Pitching Legends – An Evening With Robin Wight and Claire Beale at the IPA

Pitching Legends – An Evening With Robin Wight and Claire Beale at the IPA

Move over John Hegarty I have a new advertising hero. I just never expected him to be wearing a shirt so loud it needed a license and a suit the colour of Barney the Dinosaur.

If the first rule of advertising is to get noticed, Robin Wight, the W in WCRS certainly practices what he preaches. So, why did he make such an impression on me? An ad nut from an early age, his first tagline for a road safety campaign - 'Drive at 30. Live til 70. Drive at 70. Live til 30' -was written at the tender age of 10!

Now approaching the upper end of that scale, Robin is a writer by trade who crafted his skill in the hey-day of TV advertising when jingles ('Re-record not fade away' for Scotch video tapes) and memorable straplines ("I bet he drinks Carling Black Label") were the cultural reference points shared by millions. But what can one of the original British Mad Men teach us about today's communication landscape?

Aside from the obvious affection held for him by colleagues young - and not so - in the audience, Robin talked unapologetically and candidly on the night's subject; Pitch Legends. On the issue of pitch-winning tag-lines for example, Robin talked articulately about respecting brand archaeology and heritage. Or to put it another way, 'If it ain't broke, don't fix it!' Not even in a pitch. Something that led him to recommend BMW use the same line in the UK (The Ultimate Driving Machine) that the company already used in the US. He also praised Adam & Eve for keeping the WCRS line for Phones4U in their latest campaign.  Also, he was positively thrilled with the re-vamped WCRS Churchill ad in which the dog is driven around town by Martin Clunes to the tune of Bonnie Tyler's 'I need a hero'. At the end, it is Martin not Churchill who has the famous 'Oh yes' line. Refreshing, funny, but heritage in tact.

When asked whether planners get in the way in pitches (asked by a planner btw), he not only refuted the suggestion but said that he saw himself as a planner. Indeed, back in the day when no creative work was ever presented at pitches, strategy was all there was. I think we can all learn something from that.

And then to my own question. One that anyone who works at an integrated agency like WCRS (and TMW) can appreciate, "When your agency offers such a wide selection of skill sets, and clients come to you with challenges and not specific channel briefs, who exactly do you invite to the initial pitch meeting?"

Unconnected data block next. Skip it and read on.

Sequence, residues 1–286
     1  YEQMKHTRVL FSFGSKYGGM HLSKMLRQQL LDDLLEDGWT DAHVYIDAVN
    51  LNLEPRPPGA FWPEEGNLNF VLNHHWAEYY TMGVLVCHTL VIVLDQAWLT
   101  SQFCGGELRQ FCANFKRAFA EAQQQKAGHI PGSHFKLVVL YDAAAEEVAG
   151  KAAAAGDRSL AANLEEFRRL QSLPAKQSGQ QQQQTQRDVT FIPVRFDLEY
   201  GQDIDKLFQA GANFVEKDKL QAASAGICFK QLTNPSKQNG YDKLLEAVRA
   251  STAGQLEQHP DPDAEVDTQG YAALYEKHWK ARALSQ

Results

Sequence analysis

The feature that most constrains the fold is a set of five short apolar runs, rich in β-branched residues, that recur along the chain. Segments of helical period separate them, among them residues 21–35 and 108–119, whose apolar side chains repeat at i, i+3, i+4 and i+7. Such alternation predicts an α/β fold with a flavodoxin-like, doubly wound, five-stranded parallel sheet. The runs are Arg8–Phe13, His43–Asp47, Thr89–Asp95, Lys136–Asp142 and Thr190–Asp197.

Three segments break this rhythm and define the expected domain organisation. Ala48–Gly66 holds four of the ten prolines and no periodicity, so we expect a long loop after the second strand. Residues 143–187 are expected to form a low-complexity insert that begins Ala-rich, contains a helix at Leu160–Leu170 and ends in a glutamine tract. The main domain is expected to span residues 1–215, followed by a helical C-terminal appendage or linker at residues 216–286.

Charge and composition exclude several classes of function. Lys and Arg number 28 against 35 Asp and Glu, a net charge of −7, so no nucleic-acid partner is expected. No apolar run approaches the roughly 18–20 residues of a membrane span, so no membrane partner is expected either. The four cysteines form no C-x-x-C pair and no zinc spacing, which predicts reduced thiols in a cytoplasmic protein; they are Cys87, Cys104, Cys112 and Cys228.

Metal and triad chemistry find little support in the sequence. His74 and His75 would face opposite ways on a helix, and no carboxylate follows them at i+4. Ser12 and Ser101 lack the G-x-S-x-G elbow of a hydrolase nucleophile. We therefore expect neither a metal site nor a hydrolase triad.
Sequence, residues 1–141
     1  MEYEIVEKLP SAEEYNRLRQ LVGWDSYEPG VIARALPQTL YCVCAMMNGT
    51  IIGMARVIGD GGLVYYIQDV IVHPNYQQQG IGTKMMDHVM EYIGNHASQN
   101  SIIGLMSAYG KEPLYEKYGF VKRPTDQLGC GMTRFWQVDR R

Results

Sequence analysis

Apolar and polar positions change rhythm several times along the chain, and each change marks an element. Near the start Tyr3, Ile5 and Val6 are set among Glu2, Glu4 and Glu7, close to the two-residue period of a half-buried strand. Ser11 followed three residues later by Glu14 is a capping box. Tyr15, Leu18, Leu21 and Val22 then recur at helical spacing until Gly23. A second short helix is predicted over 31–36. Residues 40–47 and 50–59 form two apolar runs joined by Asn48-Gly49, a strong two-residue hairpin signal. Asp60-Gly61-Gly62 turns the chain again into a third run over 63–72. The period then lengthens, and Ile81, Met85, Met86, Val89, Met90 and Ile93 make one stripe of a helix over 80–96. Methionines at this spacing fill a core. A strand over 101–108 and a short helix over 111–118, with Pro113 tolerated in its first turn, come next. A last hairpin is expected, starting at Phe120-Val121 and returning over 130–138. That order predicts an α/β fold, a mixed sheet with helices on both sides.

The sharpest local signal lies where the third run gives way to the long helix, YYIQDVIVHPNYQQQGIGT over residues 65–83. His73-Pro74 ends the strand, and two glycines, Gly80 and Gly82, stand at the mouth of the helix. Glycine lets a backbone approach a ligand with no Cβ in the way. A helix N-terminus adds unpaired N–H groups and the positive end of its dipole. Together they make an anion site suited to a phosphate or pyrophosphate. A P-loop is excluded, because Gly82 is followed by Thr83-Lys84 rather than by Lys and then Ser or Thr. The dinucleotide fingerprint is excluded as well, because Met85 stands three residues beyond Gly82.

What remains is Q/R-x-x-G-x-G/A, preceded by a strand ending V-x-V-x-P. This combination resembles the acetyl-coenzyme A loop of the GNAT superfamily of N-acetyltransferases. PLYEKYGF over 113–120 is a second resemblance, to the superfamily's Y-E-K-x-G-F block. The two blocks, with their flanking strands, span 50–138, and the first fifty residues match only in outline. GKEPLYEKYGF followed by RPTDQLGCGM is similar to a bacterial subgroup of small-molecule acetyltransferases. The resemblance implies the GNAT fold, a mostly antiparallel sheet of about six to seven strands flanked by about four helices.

His answer was diplomatically inclusive, saying that it is a mix of gut feel and existing client relationships (ie did the lead come from the PR agency or digital guys etc…), but that at WCRS, 'We are prepared to change the focus at any time during the pitch if necessary." Not totally satisfied with the answer, I pushed him to answer, "Who exactly was 'WE'?" Greeted with a ripple of laughter from those in the know, Robin's emphatic answer was 'Debbie'. (Engine's Chief Executive Chairman).

So all in all what were Robin's top tips for winning pitches? Of the 13 point plan (of which number eight was mysteriously missing) the key ones for me were firstly to investigate the client's product. There still seems to be no substitute for visiting the factory. Secondly show you understand the brand. Thirdly don't just say why your recommended strategy will work, say why others they may see won't. And numbers 12 and 13. Enthusiasm. If you're not enthusiastic about their business, another agency will be. When you're up against the best agencies in town, that may be your only competitive advantage. So don't forget genuine enthusiasm is worth a bucket load of PowerPoint slides.


  • Great post Daren and what a treat to hear the great man. He' s so right on the 'enthusiasm' and 'visit the factory' stuff as a possible source of competitive advantage. Did he tell the story of pitching for Orange and working in the store for 5 days, summarizing the most common customer questions and problems before the pitch?
    chris pearce - 25/05/2012